‘Paradise Lost’ is a classical epic, having all the common features of the epics of homer and Virgil. It is a long narrative poem in twelve books, its subject is solemn and grand, and it finds an equally grand and solemn treatment. Indeed grandeur and majesty are the key-notes of Milton’s epic. Like the classical epic, it has unity of theme and treatment. There is nothing in it that is superfluous; every episode and incident leads to the central theme – the fall of man and the loss of paradise. Wars and heroic exploits are also not lacking. There is supernatural intervention in plenty. Its characters are mostly superhuman – God and His angels, and Satan and his followers. There are only two human characters, Adam and Eve. Indeed this paucity of human actors and consequent lack of human interest is the basic weakness of Milton’s epic. In keeping with the epic tradition, its style and versification is lofty and sublime. Frequent and effective use has been made of Homeric or epic similes.
Paradise Lost is a classical epic, but it also has a number of qualities all its own. A classical epic deals with a subject of national importance, with the war-like exploits of some hero of national status. The theme of Milton’s epic is vaster and of a more universal human interest than any handled by the poet’s predecessors. It concerns itself with the fortune, not of a city or an empire, but of the whole human race, and with that particular event in the history of the race which has moulded all its destinies. Around this event, the plucking of an apple are ranged, according to the strictest rules of the ancient epic, the histories of Heaven and Earth and Hell. The scene of action is Universal Space. The time represented is Eternity. The characters are God and all his creatures. And all these are exhibited in the clearest and most inevitable relation with the main event, so that there is not an incident, hardly a line of the poem, but leads backwards or forwards to that central theme.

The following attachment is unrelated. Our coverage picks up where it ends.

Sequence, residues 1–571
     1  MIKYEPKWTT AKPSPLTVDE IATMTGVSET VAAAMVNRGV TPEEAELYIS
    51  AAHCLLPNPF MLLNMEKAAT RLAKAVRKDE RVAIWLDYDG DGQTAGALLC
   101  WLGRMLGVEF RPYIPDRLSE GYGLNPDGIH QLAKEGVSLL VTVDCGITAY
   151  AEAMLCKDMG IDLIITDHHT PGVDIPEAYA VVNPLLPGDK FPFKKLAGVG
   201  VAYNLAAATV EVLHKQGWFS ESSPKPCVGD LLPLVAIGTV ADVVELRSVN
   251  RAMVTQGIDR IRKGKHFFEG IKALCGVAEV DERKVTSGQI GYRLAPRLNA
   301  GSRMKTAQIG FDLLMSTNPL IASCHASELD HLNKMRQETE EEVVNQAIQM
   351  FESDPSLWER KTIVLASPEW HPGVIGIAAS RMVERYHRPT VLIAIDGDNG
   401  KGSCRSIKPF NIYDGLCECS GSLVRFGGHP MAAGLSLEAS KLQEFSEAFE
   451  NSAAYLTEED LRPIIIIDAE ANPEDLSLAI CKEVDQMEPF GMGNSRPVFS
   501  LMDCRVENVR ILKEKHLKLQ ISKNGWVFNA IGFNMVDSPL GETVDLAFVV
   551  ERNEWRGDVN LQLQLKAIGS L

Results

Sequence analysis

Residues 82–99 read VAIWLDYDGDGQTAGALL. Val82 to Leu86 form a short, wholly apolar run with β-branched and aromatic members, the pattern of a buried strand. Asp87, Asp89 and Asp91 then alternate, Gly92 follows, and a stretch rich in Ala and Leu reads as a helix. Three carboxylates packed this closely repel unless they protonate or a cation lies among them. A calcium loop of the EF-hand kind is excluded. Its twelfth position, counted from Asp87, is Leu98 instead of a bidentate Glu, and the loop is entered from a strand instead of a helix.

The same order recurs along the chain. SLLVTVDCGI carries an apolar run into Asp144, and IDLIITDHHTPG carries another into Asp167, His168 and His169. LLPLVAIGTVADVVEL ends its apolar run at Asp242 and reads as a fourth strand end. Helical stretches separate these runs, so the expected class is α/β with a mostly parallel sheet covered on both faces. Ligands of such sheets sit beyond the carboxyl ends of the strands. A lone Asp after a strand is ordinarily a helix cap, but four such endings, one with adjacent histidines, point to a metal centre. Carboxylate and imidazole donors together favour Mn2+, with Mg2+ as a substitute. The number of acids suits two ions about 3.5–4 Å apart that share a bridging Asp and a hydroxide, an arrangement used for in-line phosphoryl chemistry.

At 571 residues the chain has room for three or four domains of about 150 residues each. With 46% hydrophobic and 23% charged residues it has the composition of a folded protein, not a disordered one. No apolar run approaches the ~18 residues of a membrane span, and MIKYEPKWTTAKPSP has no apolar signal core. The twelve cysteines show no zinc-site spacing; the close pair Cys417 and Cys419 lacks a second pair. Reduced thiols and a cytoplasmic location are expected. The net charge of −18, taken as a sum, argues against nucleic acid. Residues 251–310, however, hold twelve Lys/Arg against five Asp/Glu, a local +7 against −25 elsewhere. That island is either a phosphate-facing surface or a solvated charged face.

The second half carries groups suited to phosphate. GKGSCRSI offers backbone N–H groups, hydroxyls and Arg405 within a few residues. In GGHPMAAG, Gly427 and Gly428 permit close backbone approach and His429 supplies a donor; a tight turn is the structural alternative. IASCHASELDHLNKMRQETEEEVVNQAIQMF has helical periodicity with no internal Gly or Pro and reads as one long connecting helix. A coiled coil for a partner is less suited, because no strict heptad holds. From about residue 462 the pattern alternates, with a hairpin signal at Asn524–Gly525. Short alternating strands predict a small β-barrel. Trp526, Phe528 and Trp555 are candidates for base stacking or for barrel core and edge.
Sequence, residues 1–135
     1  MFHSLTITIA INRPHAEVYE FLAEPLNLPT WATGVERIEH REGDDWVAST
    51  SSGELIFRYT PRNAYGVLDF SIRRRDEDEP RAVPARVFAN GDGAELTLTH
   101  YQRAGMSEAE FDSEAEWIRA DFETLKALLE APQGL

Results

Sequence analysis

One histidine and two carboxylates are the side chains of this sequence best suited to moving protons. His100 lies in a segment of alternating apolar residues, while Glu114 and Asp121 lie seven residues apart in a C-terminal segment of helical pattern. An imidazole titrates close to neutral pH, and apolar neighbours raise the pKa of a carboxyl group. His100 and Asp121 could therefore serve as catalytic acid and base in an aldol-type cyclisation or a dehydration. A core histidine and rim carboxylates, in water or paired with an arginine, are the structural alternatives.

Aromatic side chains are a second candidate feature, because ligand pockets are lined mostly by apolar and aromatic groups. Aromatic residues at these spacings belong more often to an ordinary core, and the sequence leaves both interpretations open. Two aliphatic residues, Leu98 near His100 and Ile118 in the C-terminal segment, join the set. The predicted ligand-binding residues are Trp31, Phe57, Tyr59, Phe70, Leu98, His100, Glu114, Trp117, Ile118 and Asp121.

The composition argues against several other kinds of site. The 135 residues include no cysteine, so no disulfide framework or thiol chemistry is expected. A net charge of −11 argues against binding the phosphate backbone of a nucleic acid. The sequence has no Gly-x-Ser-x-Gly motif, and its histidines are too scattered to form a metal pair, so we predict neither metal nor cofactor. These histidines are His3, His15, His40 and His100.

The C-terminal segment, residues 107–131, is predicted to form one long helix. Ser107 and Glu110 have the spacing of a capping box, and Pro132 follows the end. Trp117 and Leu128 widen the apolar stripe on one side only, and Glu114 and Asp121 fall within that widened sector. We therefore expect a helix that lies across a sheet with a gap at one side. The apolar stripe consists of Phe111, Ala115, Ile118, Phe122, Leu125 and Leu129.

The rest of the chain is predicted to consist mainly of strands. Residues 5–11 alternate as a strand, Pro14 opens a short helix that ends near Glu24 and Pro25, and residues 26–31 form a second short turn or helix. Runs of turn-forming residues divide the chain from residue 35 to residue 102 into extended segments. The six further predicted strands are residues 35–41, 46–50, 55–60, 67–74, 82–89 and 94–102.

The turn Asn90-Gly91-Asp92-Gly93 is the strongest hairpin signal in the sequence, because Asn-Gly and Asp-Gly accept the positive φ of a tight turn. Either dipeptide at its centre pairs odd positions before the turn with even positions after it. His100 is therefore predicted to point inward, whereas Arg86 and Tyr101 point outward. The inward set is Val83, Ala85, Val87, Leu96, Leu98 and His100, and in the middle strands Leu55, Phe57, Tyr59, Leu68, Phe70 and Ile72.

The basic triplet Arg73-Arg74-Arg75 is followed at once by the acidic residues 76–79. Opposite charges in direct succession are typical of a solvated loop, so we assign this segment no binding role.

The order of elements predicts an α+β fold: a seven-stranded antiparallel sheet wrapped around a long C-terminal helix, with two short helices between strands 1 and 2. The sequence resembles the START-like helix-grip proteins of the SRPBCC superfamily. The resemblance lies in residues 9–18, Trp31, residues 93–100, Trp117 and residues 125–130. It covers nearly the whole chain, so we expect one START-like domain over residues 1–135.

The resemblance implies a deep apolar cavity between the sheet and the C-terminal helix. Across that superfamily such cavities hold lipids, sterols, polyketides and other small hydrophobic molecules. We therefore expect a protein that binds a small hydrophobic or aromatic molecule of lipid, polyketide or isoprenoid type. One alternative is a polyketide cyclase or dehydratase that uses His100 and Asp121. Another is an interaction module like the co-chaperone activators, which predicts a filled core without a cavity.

The Romantic Era: